By Jonathan Lawrence
CALGARY — There’s a headline often seen on the news today with alarming frequency: “Worst mass shooting in history.” However, prior to August 1, 1966, America hadn’t really seen such devastation on that level in a public area. On that day, however, a 25-year-old architectural engineering major and former Marine (another recurring theme) climbed to the top of the University of Texas Tower with a plethora of guns. Ninety-six minutes later, 46 people had been shot. Sixteen died (including his wife and mother before the rampage). Keith Maitland sharply addresses his reason for making Tower, the documentary on this historical tragedy: “We wanted to tell a story set 50 years ago that would feel as immediate as something unfolding in front of our eyes today.”
Although the sniper is never seen by the citizens of Austin, the great tower, with its bold, symmetrical design and imposing stature, stands in his place, keeping his veiled position. It looms ominously over the campus and surrounding neighbourhoods, providing the sniper with an unbeatable vantage point. He is safely guarded, and as the thunderous gunshots ring out at a near rhythmic pace one after another, and students and teachers alike find cover wherever they can, the once sunny campus becomes a battleground. This is 1966, and there were no technically-advanced bomb-disposal robots available to take this guy out.
“I saw Tower as sort of a modern Western,” Maitland writes. “You know, with reluctant heroes, and civilians peeking out of windows to watch what’s happening in the town square… Structurally I was thinking about the great ensembles in Robert Altman films and of course, Rashomon …But first and foremost I wanted to balance all of the action, with emotion and heart. We never lost sight of the fact that these are real people, describing the most traumatic event of their lives. So, tempering the action with the emotion was paramount.”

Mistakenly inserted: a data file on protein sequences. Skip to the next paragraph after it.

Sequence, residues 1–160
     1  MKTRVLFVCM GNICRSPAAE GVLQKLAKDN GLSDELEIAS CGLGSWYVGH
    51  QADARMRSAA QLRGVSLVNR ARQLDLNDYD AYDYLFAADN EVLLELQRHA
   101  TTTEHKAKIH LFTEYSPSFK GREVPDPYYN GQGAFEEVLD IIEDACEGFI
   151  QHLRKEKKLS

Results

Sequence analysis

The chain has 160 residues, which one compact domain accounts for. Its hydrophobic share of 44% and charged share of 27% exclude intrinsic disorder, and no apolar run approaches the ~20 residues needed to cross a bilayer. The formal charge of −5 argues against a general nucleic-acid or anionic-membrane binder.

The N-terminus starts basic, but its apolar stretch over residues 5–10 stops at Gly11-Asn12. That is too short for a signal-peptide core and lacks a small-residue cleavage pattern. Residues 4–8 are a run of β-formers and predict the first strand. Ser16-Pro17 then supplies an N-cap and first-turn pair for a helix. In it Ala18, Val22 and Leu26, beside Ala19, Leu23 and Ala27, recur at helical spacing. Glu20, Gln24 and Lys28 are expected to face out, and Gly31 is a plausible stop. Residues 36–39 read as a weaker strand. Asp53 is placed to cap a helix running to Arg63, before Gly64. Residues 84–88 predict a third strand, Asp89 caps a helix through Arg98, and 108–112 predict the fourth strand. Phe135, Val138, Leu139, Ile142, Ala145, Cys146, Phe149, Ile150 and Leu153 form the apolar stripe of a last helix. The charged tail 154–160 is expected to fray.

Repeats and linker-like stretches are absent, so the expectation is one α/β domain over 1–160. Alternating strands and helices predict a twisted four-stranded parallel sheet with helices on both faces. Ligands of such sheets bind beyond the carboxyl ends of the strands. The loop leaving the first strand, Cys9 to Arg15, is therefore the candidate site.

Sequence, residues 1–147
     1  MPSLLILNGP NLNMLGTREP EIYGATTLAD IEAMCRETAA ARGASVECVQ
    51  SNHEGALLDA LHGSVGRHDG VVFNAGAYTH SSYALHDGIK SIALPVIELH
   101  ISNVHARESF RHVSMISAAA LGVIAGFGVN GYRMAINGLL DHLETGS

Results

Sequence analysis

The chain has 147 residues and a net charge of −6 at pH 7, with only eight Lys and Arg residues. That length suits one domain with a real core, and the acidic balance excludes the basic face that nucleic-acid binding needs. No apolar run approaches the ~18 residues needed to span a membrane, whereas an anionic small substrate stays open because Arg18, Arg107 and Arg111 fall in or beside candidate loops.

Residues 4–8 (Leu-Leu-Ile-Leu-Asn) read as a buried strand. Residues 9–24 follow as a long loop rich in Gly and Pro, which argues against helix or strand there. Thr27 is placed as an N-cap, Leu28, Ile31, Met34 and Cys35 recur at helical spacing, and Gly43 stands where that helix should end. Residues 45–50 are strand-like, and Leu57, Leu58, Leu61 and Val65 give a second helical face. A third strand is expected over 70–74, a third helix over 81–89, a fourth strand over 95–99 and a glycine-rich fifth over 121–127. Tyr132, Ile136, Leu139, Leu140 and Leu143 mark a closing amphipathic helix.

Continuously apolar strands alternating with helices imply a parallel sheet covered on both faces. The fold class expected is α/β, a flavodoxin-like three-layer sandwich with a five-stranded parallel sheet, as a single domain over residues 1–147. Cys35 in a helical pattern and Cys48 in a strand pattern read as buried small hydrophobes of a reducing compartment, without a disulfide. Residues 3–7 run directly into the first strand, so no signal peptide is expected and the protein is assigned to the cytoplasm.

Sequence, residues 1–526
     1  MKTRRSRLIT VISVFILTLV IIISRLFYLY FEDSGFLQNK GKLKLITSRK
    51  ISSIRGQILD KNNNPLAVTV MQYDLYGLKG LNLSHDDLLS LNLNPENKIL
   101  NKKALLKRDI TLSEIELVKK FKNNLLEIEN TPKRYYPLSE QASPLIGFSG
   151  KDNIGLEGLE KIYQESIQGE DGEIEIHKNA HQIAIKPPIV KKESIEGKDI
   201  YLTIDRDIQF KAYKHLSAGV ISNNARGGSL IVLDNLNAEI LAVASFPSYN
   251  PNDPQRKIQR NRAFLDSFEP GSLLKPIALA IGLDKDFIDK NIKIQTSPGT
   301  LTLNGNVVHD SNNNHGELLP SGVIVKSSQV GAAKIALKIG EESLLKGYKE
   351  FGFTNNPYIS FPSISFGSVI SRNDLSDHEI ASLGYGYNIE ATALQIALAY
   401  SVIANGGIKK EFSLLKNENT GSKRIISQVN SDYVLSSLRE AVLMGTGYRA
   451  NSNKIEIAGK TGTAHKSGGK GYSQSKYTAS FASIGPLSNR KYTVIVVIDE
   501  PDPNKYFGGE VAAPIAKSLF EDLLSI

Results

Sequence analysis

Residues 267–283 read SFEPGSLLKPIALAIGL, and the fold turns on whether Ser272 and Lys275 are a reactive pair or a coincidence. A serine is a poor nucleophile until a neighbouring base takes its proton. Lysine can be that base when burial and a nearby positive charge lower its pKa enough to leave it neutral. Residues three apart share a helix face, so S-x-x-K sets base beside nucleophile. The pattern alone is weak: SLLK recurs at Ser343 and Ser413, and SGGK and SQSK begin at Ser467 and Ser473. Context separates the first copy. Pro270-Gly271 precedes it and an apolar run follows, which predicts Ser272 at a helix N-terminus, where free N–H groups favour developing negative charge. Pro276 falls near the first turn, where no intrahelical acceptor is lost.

Tower succeeds in telling a visceral story on numerous levels, one of which is its striking art design, which expertly blends hand-drawn animation with old, scratchy film stock. “I knew that we had some great archival footage to work with,” Maitland writes. “News reporters with 16mm cameras had recorded these incredible action moments on the ground during the shooting, and all that was really missing were medium shots and close-ups of our characters to fill in the detail. So through the animation we could transcend time and space to really capture the feeling and the action on campus that day.”
Although the characters are hand drawn, the animation used in the film is startlingly lifelike, which Maitland informs is called “rotoscopic animation.” He expands on this, stating “all of the performances are real actors recorded in costumes with props, on video. We edit the video just like we want it to unfold, and then the artists come in and digitally paint 12 frames per second. It allowed us to re-create scenes without having to be on the campus itself.”
He continues: “Most of the scenes were performed in an open space, like my backyard, and then the artists would composite the foreground character paintings with backgrounds that they created based on photos and archival footage and little pieces of iPhone video that I created walking around the campus separately… It was an aesthetic decision with a real pragmatic value to the production.”
“I definitely found inspiration in Richard Linklater’s Waking Life, and in Waltz With Bashir,” he adds.
Tower is a chilling, yet fascinating documentary about the events of that fateful day, and although they occurred over 50 years ago, it is immediately relevant today.
Catch Tower Sept. 24 at the Globe Cinema and again Oct. 1 at Cineplex Eau Claire as part of the Calgary International Film Festival documentary lineup.AB, Alberta, Calgary International Film Festival, CIFF, CIFF 2016, Cineplex, Eau Claire, Globe Cinema, Tower, Tower documentary, U.S. mass shootings, University of Texas shooting